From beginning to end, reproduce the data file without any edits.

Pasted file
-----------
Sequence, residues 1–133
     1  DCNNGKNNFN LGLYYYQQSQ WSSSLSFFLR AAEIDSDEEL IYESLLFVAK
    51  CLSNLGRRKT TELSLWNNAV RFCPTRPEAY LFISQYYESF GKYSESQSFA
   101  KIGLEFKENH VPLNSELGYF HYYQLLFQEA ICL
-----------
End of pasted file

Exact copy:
Sequence, residues 1–133
     1  DCNNGKNNFN LGLYYYQQSQ WSSSLSFFLR AAEIDSDEEL IYESLLFVAK
    51  CLSNLGRRKT TELSLWNNAV RFCPTRPEAY LFISQYYESF GKYSESQSFA
   101  KIGLEFKENH VPLNSELGYF HYYQLLFQEA ICL